It has become a maxim of modern society that without objectives, without purpose there can be no success, the setting of goals and achieving them has become the essence of “success” (Introna, 1996). Many, if not most, universities follow, or at least profess to follow, a purpose driven approach to setting strategic directions (Jones, Luck, McConachie, & Danaher, 2005). This is how institutional leaders demonstrate their strategic insight, their rationality and leadership. This is not a great surprise since such purpose driven processes – labeled as teleological processes by Introna (1996) – has dominated theory and practice to such an extent that it has become ingrained. Even though the debate between the “planning school” of process thought and the “learning school” of process thought has been one of the most pervasive debates in management (Clegg, 2002).

Prior papers (Jones et al., 2005; Jones & Muldoon, 2007) have used the nine attributes of a design process formulated by Introna (1996) to argue that purpose driven processes are particularly inappropriate to the practice of tertiary e-learning. The same papers have presented and illustrated the alternative, ateleological processes. The limitations of teleological processes can be illustrated by examining Introna’s (1996) three necessary requirements for teleological design processes

  1. The system’s behaviour must be relatively stable and predictable.
    As mentioned in the previous section, stability and predictability do not sound like appropriate adjectives for e-learning, especially into the future. Especially given the popular rhetoric about organizations in the present era no longer being stable, and instead are continuously adapting to shifting environments that places them in a state of constantly seeking stability while never achieving it (Truex, Baskerville, & Klein, 1999).
  2. The designers must be able to manipulate the system’s behaviour directly.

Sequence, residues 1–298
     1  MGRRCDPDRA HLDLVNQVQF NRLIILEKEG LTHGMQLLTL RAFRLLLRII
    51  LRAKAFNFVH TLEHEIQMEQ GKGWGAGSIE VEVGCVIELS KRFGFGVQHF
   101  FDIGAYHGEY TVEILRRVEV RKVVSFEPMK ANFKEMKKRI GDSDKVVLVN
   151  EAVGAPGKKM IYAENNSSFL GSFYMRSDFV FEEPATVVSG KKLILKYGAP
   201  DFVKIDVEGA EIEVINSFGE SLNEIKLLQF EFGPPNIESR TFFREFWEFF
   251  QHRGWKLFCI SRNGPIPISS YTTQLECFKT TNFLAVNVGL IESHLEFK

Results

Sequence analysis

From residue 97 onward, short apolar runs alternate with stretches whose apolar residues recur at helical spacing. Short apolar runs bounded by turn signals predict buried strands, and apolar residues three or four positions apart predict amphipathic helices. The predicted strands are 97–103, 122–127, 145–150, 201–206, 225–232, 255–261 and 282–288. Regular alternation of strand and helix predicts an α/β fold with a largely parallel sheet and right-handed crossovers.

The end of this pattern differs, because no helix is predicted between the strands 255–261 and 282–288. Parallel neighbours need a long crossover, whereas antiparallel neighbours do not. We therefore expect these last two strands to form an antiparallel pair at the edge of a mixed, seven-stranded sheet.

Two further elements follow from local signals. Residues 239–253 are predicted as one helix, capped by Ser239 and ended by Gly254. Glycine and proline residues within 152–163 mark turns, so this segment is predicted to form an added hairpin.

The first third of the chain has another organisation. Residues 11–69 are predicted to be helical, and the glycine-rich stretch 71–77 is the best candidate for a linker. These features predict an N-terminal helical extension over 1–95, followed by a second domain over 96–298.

Social systems cannot be “designed” in the same way as technical systems, at best they can be indirectly influenced (Introna, 1996). Technology development and diffusion needs cooperation, however, it takes place in a competitive and conflictual atmosphere where different social groups – each with their own interpretation of the technology and the problem to be solved – are inevitably involved and seek to shape outcomes (Allen, 2000). Academics are trained not to accept propositions uncritically and subsequently cannot be expected to adopt strategies without question or adaptation (Gibbs, Habeshaw, & Yorke, 2000).
  3. The designers must be able to determine accurately the goals or criteria for success.
    The uncertain and confused arena of social behaviour and autonomous human action make predetermination impossible (Truex, Baskerville et al. 2000). Allen (2000) argues that change in organizational and social setting involving technology is by nature undetermined.

For example, Tickle et al (2009) offer one description of the teleological process used to transition CQUni to the Moodle LMS in 2009. One of the institutional policies introduced as part of this process was the adoption of Minimum Service Standards for course delivery (Tickle et al., 2009, p. 1047). Intended to act as a starting point for “integrating learning and teaching strategies that could influence students study habits” and to “encourage academic staff to look beyond existing practices and consider the useful features of the new LMS” (Tickle et al., 2009, p. 1042). In order to assure the quality of this process a web-based checklist was implemented in another institutional system with the expectation that the course coordinator and moderator would actively check the course site met the minimum standards. A senior lecturer widely recognized as a quality teacher described the process for dealing with the minimum standards checklist as

I go in and tick all the boxes, the moderator goes in and ticks all the boxes and the school secretary does the same thing. It’s just like the exam check list.

The minimum standards checklist was removed in 2011.